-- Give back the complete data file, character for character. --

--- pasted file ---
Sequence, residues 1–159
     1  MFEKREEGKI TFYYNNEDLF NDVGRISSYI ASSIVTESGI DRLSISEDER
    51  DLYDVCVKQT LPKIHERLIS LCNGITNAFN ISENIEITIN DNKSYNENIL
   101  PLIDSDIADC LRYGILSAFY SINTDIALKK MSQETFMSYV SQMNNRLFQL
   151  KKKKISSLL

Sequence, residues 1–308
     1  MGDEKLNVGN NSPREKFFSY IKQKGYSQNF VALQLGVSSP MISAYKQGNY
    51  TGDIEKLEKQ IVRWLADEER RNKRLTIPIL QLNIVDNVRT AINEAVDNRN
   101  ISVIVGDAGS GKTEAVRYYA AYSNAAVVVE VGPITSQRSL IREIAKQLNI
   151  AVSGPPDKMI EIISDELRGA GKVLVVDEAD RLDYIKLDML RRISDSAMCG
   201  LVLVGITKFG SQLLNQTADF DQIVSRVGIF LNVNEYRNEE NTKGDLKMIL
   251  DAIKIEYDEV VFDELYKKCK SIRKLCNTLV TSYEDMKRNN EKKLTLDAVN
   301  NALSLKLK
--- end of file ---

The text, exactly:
Sequence, residues 1–159
     1  MFEKREEGKI TFYYNNEDLF NDVGRISSYI ASSIVTESGI DRLSISEDER
    51  DLYDVCVKQT LPKIHERLIS LCNGITNAFN ISENIEITIN DNKSYNENIL
   101  PLIDSDIADC LRYGILSAFY SINTDIALKK MSQETFMSYV SQMNNRLFQL
   151  KKKKISSLL

Sequence, residues 1–308
     1  MGDEKLNVGN NSPREKFFSY IKQKGYSQNF VALQLGVSSP MISAYKQGNY
    51  TGDIEKLEKQ IVRWLADEER RNKRLTIPIL QLNIVDNVRT AINEAVDNRN
   101  ISVIVGDAGS GKTEAVRYYA AYSNAAVVVE VGPITSQRSL IREIAKQLNI
   151  AVSGPPDKMI EIISDELRGA GKVLVVDEAD RLDYIKLDML RRISDSAMCG
   201  LVLVGITKFG SQLLNQTADF DQIVSRVGIF LNVNEYRNEE NTKGDLKMIL
   251  DAIKIEYDEV VFDELYKKCK SIRKLCNTLV TSYEDMKRNN EKKLTLDAVN
   301  NALSLKLK